FIGURE 2
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Figure 2. Effects of the Hp knockout on neurobehavioral outcomes following CCI in different age cohorts. (A-C) Comparison of NDS assessed at 24 and 48 h after the experimental injury between CCI-injured WT and HP−∕− mice in adult and older adult age cohorts (A,B), and between CCI-injured HP−∕− mice of different ages (C) Statistical comparison of combined data presented in the (A-C) using a series of non-parametric multi-factor ANOVA with repeated measurement structure. The numbers shown on the graphs represent P-values from the post-hoc statistical analyses performed using non-parametric Dunn's rank sum test. (D-F) Comparison of the circling behavior presented as the fraction of the right turns between CCI-injured WT and Hp−∕− mice in adult and older adult age cohorts (D,E), and between CCI-injured WT mice of different ages (F), respectively. Statistical comparison of combined data using mixed model multi-factor ANOVA with repeated measurement structure. P-values shown on the graphs between two groups used for pairwise comparison were obtained from the statistical analyses using the post-hoc Student's t-test. In all panels, the numbers of animals per CCI experimental groups of WT and Hp−∕− mice used for analyses were as follows: n = 6 and n = 18 in the adult mice age cohort (2–4 mo-old), and n = 16 and n = 13 in the adult mice age cohort (2–4 mo-old), and n = 13 and n = 5 in the older adult mice age cohort (7–8 mo-old), respectively.

Effects of the Hp Knockout on Anatomical Outcomes Following CCI in the Different Age Cohorts

In the first set of experiments, we performed tests to determine differences in anatomical deficits after CCI in 2–4 (adult) and 7–8-mo-old (older adult) WT mice; subsequent comparisons were then made between WT and Hp−∕− mice in each age cohort. Macroscopically, the overall brain pathology from CCI with mild-to-moderate TBI parameters 48 h post-injury was characterized by neuronal death, loss of cortical tissue, and, to a lesser degree, partial loss of hippocampal tissue or hippocampal distortion with altered structural tissue integrity as compared to the contralateral hippocampus or hippocampi of animals from the sham-injury group. These anatomical brain changes are consistent with our previous published data using the same CCI parameters (Glushakov et al., 2013, 2014, 2015).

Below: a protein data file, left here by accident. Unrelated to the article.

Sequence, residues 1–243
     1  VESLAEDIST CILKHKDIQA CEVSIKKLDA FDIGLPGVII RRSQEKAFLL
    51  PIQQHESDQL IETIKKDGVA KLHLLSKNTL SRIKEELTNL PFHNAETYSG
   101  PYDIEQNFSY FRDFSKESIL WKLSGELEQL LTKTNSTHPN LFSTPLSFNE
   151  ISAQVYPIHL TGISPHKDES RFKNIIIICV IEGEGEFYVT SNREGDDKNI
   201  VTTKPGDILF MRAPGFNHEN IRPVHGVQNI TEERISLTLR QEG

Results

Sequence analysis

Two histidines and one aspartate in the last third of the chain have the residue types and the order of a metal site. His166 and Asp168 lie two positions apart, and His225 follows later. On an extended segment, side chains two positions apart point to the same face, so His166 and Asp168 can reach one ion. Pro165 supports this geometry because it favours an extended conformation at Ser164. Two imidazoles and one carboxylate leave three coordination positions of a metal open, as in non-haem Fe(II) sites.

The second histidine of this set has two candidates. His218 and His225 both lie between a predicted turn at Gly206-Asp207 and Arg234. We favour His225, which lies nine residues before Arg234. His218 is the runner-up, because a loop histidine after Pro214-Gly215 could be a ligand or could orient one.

Figures 3A,B demonstrate representative microphotographs of brain sections obtained from WT sham and CCI-injured animals in the two age cohorts. At the 48 h time point in the adult and older adult age cohorts, CCI consistently produced significant anatomical pathologies in the cortex assessed by cresyl violet histo-stereological analysis, including cortical lesions and complete loss of brain tissue. Cortical lesions were characterized by morphological alternations, including characteristic changes in cellular morphology and cell density. These changes primarily reflect neurodegenerative processes, neuronal death, and the presence of diffuse parenchymal hemorrhages, which are representative of microvascular injury in cortical tissue surrounding the impacted area. In sham animals of both age cohorts, no (or only marginal) alterations were observed in the cortical tissue histology due to craniotomy surgery. Figures 3C,D represent analyses of distribution of contusion volume between volumes of lesioned cortical tissue and cavitation in CCI animals compared to the sham group. To determine possible changes in the patterns of brain lesions following experimental TBI, the injury volumes were analyzed by measuring and statistically comparing the volumes of cortical lesions and cavitation separately, and the data are presented as a contingency graph.